Tim Duncan: I was pretty pleased with how we came out in the first half. Of course we would've liked to have had a big lead or whatever, but I think we were playing hard, we were communicating on defense and most of our mistakes were on the other end, which is fine. We weren't throwing the ball away too much and giving them easy points, which was the most important thing. I felt that we took their best shot, that they knew they weren't going to run us out of there or whatever, and that if we could get it into the last three, four minutes where it's still tight, then maybe things could go our way.

Tony Parker: Some plays my leg was feeling okay; other plays, I was just limping and dragging it. I could not be in "attack mode" all the time like I wanted to be, and that was pissing me off, but I was trying not to let my teammates see that. Me and Manu were doing a pretty good job of communicating and sharing the responsibility and we had to keep it up, but we knew that we needed our guys in the corners to make some big shots, too - for us to have a chance, because that's what their defense gives you.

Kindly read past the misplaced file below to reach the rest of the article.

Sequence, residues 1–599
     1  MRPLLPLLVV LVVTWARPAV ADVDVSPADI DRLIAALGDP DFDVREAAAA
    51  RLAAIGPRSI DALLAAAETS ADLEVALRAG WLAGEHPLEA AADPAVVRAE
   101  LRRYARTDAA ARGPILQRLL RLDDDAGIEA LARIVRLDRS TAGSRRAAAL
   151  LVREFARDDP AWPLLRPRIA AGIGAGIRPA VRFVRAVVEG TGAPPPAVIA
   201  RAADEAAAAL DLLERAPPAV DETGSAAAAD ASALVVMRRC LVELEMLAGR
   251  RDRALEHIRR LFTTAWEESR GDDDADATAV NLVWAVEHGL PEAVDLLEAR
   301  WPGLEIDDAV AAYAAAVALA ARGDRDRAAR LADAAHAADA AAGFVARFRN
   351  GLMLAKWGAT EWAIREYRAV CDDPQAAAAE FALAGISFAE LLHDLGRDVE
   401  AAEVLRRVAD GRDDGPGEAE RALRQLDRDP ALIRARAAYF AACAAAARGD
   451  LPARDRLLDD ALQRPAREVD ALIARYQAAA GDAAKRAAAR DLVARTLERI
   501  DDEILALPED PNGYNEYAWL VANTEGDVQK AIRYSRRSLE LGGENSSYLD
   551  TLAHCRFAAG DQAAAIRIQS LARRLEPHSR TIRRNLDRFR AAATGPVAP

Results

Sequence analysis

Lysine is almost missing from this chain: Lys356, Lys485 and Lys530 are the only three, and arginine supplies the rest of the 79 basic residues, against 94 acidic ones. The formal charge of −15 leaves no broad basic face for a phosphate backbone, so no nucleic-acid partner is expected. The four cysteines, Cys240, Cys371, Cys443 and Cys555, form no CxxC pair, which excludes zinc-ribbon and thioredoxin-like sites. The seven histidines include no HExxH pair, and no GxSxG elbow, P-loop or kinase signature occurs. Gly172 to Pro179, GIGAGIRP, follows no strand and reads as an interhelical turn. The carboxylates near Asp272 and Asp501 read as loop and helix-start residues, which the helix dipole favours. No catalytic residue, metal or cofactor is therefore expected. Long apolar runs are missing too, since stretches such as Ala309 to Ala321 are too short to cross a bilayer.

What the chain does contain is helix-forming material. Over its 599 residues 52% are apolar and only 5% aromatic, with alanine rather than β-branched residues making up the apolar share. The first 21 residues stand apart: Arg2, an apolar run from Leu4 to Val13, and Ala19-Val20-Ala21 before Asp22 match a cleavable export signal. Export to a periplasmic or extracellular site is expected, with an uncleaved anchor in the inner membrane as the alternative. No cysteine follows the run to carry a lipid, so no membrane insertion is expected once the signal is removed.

Manu Ginobili: It was not a good first half for either team. We had some good plays, they had some good plays, but neither of were sharp. We did not have that "juice" -- it was just adrenaline, I think. Both teams, you could tell, were so tired, physically and mentally too. I think if they played the regular season version of us we would've blown them out and the same thing, if we played the regular season version of them they would've killed us.